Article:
Wednesday, April 24, 2013

The Innocence of Animals

I was watching an episode of NCIS the other night. It is a show about the American navy's criminal investigations department. This particular episode began with a marine in Afghanistan whose job was to clear out mines so that civilian contractors can do their job in a given area. The show began with the sergeant and his specially trained dog that had the ability to sniff out explosives identifying mines. The dog finds a mine, the marine disarms it and then a sniper shoots the marine in the head killing him. The dog is fine. Thus begins the conflict that must be resolved. At the end of the episode NCIS identifies the sniper who is one of the American contractors and when he is accused he pulls his gun provoking the dog to jump on him to protect the special agent. And yes the dog gets shot. I cried. Fortunately the dog survives and even receives a military commendation. But I still cried.

I cried when old Yeller was shot. I cried when Sounder died. I'm a sucker for dogs suffering needlessly. So why didn't I cry for the marine risking his life? For that matter why don't I cry for the thousands of characters on prime-time TV who die? Probably because deep in my soul I know we deserve death. It's what we inherited from Adam. We die because we are bad people. (Rom. 6:23) The heroic character who dies is still human. Yet it's the dog we cry for. We deserve to die not the dog.

I wonder if the ancient Israelites cried when they brought their lambs, bulls or pigeons to be killed in their sacrifices? Did the leper weep over the bird that was killed when he became clean? (Lev. 14:5) Did the man who deceived his neighbor lips tremble when he brought his best ram from his flock to be sacrificed for his guilt. Or how about the person who unintentionally sins. Did he grieve over the female goat that died because of his mistake? (Lev. 4:27-29) For that matter what was in Abel's heart that inclined him to shed the blood of the firstborn of his flock resulting in God's favor? What was Mary & Joseph thinking as they brought two young pigeons when presenting Jesus to the temple? (Lk. 2:22-24) Perhaps a better question is, do we every think about the agony Jesus went through when on the Cross He died for us? He was innocent!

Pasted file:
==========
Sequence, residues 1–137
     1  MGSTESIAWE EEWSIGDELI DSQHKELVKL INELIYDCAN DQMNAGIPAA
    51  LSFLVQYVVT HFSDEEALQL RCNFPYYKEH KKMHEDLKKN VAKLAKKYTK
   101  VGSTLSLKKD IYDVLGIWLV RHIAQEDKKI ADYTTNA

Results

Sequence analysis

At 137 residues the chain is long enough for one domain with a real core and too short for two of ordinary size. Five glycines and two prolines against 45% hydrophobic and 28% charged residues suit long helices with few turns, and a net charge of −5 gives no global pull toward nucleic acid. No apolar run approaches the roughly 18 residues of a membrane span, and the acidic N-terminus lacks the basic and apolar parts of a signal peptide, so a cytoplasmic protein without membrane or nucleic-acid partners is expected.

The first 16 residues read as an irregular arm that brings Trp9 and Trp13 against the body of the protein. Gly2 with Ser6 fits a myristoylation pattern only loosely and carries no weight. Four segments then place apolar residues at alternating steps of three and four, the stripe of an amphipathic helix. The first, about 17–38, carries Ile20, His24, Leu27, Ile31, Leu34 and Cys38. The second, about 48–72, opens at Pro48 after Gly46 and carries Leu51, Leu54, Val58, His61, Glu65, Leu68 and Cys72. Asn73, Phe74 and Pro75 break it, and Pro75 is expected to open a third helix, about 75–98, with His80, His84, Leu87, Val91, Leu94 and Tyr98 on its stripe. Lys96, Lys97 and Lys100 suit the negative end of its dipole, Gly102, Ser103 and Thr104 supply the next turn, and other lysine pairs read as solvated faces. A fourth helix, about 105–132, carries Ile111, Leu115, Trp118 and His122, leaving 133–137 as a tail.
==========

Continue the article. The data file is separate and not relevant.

Deep in our souls we hold the truth of our creation. Animals are our companions. (Gen. 2:18-19) We talk to to them. We get upset when we hear stories of animal cruelty. But we just don't get all that upset of the soldiers who die in the line of fire. Or kids who die in a car accident. What grief do we have for the person who just dies. I am not talking about our family members  and close friends as we have a special connection to them. I am talking about our collective unconscious as a people. You see deep in our souls is the truth of our fall as well. We deserve death. And before we were exposed to the cruelty of the world, God killed an animal to cover our nakedness. (Gen. 3:21) Because of us, blameless animals die because without the shedding of blood there can be no forgiveness of sins. (Heb.9:22) But when an animal was sacrificed for our sins, our conscience was only temporarily pricked. Something permanent has to happen. And so God himself gave us His only-begotten Son shedding His blood for our conscience. (Heb. 9:14) You see, the blood of goats & birds can never truly take away our sins. They serve only as a reminder that God in His mercy allows us to continue living. On the surface of our thoughts we seldom think about it. But our conscience are often pricked when we see something blameless die instead. Our conscience should be pricked when we see Jesus die for us as well. After all, he is blameless.

For you will not delight in sacrifice, or I would give it;
    you will not be pleased with a burnt offering.
The sacrifices of God are a broken spirit;
    a broken and contrite heart, O God, you will not despise. (Ps. 51:16-17)